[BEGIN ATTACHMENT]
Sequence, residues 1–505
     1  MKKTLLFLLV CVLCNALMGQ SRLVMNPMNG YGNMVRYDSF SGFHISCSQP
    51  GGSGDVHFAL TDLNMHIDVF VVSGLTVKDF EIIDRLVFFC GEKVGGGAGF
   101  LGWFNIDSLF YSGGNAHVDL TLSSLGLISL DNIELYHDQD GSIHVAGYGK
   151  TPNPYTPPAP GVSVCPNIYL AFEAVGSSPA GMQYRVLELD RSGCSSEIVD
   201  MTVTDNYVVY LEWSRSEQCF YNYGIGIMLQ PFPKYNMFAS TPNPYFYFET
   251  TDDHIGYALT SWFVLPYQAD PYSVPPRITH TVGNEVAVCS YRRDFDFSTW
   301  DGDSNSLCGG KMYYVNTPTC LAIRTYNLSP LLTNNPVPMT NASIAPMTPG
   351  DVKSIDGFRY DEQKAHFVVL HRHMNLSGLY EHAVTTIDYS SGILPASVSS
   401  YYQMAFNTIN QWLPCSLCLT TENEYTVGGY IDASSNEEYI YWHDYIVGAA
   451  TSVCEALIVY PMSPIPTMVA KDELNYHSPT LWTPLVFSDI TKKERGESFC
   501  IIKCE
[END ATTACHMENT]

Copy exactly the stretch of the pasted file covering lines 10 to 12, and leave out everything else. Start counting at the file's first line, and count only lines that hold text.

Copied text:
   401  YYQMAFNTIN QWLPCSLCLT TENEYTVGGY IDASSNEEYI YWHDYIVGAA
   451  TSVCEALIVY PMSPIPTMVA KDELNYHSPT LWTPLVFSDI TKKERGESFC
   501  IIKCE